Building Speech and Language with Bubbles
I grew up playing with bubbles and babysat children who loved bubbles. It wasn’t until I became a speech pathologist 11 years ago that I really began to see just how amazing blowing bubbles were at promoting speech and language skills! I use bubbles in therapy all. the. time. And not those bubble machines, although those are pretty fun. I’m talking about the good, ol’ fashioned bubble containers with the wands. They can be used inside or outside and taken on the go, they’re affordable, and not to mention super fun and engaging! I haven’t met a child who does not like them. Read on to find out how blowing bubbles can boost your child’s speech and language development.
1. Teaching Requesting
How do I use bubbles for requesting? During my therapy sessions, I often give my kiddos a choice of two or three activities. If they choose bubbles, depending on their level, they must provide some sort of gesture (sign for “bubbles” or “more”), sound (/b/), syllable (“buh), word (“bubble”), phrase (“more bubble” or “want bubble”) or sentence (“I want bubbles”) to receive the bubbles. For example, if I’m working with a toddler who does not have many words, I may have them start to sign the word bubbles. I then would give the child the bubbles for a few turns and then I’d close the container and start the process again.
2. Teaching different sounds and words
When a child needs to work on the /p/, /b/, or /m/ sound, I pull out the bubbles. Why? These are bilabial sounds, or sounds made with the lips. There are so many words with these sounds that we can teach while blowing bubbles: “pop,” “bubble,” “up,” “more,” “open,” “dip,” “me,” “bye,” “big,” “blow,” and “please.” Working on these words also teaches them new vocabulary, which leads me to my next point.
3. Building vocabulary
If you need to increase your kiddo’s vocabulary, try bubbles! In addition to the words I mentioned above, you can teach them “all done,” “stop,” “close,” “lid,” “catch,” “go,” “on,” “off,” “wet,” “in,” “out,” “fly,” and the list can go on and on! If you have a toddler who is starting to use phrases and sentences, use some of these words together and comment about the bubbles as you play with them: “That’s a big bubble!” “It popped on my head!” “I am wet!” “I caught the bubble!”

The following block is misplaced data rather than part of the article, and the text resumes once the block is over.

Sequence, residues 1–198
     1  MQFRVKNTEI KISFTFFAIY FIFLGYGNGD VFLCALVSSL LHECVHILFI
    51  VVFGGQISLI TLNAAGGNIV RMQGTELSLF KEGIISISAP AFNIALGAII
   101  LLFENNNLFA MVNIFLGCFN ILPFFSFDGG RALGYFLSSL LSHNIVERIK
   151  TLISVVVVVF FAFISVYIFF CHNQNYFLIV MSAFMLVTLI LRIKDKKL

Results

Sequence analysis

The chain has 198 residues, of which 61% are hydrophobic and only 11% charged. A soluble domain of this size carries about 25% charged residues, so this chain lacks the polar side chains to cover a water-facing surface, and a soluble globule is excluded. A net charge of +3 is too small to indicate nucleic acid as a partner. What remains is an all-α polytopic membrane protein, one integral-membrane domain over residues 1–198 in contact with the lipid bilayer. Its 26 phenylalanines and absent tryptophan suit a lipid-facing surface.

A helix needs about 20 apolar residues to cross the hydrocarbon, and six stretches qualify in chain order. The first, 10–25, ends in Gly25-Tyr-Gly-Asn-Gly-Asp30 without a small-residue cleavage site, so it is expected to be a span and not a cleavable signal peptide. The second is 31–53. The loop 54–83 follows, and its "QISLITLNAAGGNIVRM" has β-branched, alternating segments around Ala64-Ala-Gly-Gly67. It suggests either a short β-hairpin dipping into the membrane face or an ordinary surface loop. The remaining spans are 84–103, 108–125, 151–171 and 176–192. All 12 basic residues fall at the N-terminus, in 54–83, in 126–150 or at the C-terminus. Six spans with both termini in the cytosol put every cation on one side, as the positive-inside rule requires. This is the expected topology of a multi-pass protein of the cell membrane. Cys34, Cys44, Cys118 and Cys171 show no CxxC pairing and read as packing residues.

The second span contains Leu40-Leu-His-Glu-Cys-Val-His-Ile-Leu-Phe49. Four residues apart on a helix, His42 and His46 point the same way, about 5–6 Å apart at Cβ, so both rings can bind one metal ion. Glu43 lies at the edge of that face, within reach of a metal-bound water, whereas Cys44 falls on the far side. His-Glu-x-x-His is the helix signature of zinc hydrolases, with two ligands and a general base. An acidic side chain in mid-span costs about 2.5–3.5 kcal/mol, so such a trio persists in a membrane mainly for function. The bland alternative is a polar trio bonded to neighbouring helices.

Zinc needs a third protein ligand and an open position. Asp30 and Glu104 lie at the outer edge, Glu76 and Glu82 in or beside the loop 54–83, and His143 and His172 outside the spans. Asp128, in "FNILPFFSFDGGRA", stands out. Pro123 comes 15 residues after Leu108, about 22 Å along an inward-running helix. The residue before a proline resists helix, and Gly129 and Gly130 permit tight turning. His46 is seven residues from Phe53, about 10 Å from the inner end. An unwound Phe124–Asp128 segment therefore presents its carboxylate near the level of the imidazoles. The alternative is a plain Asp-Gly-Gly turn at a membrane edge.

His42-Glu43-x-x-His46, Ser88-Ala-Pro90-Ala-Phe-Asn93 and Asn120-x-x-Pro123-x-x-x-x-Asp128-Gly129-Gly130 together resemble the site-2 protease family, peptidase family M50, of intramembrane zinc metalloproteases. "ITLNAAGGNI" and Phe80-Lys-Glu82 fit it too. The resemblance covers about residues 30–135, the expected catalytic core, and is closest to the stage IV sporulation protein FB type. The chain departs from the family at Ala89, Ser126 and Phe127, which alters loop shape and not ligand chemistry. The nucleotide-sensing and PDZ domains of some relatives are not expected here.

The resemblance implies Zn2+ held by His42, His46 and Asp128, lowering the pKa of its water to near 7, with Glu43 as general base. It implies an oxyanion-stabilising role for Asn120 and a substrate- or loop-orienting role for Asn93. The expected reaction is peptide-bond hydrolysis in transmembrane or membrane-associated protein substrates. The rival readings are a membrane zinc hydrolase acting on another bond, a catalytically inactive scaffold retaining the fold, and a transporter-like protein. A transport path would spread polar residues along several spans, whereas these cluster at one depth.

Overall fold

4. Building eye contact
Have a child on your caseload who does not make eye contact? Maybe your toddler or preschooler at home struggles with eye contact. Bring out the bubbles! Isn’t it crazy that something as simple as blowing bubbles can promote eye contact?! Make sure you are face to face with your child and begin blowing the bubbles. Wait for your child to make eye contact before you blow the bubbles again.
5. Teaching turn taking
Blowing bubbles is a simple way to work on turn taking. Take turns with your child blowing and popping the bubbles saying “my turn” and “your turn.” This is something I’m working on at home with my two-year-old!
6. Giving them a reason to communicate
Bubbles are great communication temptations. I like to get those big colorful bubble containers and put them up high somewhere where the kids will notice them but can’t reach them. At home, I have them on top of our refrigerator in our garage. Because the child can’t reach them, they need to use gestures or words to get the bubbles. When you get the bubbles, hand it to your child. Sometimes the lid is hard to open so they may again have to use gestures or words or maybe even eye contact for you to open the lid.
7. Teaching lip rounding
Blowing bubbles is great for teaching children how to round their lips for the /w/, /o/, and oo. Watch to see if they are rounding their lips when they blow. If they have difficulty with this, gently use your hands and place their cheeks/lips in the correct position. When I notice difficulty with this task, we also try to say more words such as “wet,” “want,” and “more” to encourage lip rounding.
8. Increasing breath support
Did you know that blowing bubbles can strengthen your child’s abdominal muscles? This is important for increasing sentence length and sustaining speech. When targeting breath support, I often instruct the child to take a big breath and blow a long stream of bubbles. The kids love it and we turn it into a game trying to blow a longer stream than the last one.
Well there ya have it! That’s how I like to use bubbles to promote speech and language skills with my kids! How do you use bubbles in therapy or at home with your children?